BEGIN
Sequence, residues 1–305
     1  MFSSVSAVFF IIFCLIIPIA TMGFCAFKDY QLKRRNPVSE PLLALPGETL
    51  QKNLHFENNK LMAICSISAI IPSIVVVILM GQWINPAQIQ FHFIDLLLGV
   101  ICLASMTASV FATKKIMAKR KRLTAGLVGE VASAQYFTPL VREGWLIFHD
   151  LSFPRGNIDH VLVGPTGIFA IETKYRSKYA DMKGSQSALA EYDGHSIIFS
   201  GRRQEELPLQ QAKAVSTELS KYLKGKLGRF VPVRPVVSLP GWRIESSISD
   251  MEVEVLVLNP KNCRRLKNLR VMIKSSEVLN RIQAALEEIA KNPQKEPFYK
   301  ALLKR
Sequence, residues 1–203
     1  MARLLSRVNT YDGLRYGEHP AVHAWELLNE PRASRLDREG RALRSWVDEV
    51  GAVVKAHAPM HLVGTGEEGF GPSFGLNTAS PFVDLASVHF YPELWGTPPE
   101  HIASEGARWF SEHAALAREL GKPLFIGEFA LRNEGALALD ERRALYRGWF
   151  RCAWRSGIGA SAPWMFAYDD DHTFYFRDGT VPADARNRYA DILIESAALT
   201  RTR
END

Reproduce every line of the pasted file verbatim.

Sequence, residues 1–305
     1  MFSSVSAVFF IIFCLIIPIA TMGFCAFKDY QLKRRNPVSE PLLALPGETL
    51  QKNLHFENNK LMAICSISAI IPSIVVVILM GQWINPAQIQ FHFIDLLLGV
   101  ICLASMTASV FATKKIMAKR KRLTAGLVGE VASAQYFTPL VREGWLIFHD
   151  LSFPRGNIDH VLVGPTGIFA IETKYRSKYA DMKGSQSALA EYDGHSIIFS
   201  GRRQEELPLQ QAKAVSTELS KYLKGKLGRF VPVRPVVSLP GWRIESSISD
   251  MEVEVLVLNP KNCRRLKNLR VMIKSSEVLN RIQAALEEIA KNPQKEPFYK
   301  ALLKR
Sequence, residues 1–203
     1  MARLLSRVNT YDGLRYGEHP AVHAWELLNE PRASRLDREG RALRSWVDEV
    51  GAVVKAHAPM HLVGTGEEGF GPSFGLNTAS PFVDLASVHF YPELWGTPPE
   101  HIASEGARWF SEHAALAREL GKPLFIGEFA LRNEGALALD ERRALYRGWF
   151  RCAWRSGIGA SAPWMFAYDD DHTFYFRDGT VPADARNRYA DILIESAALT
   201  RTR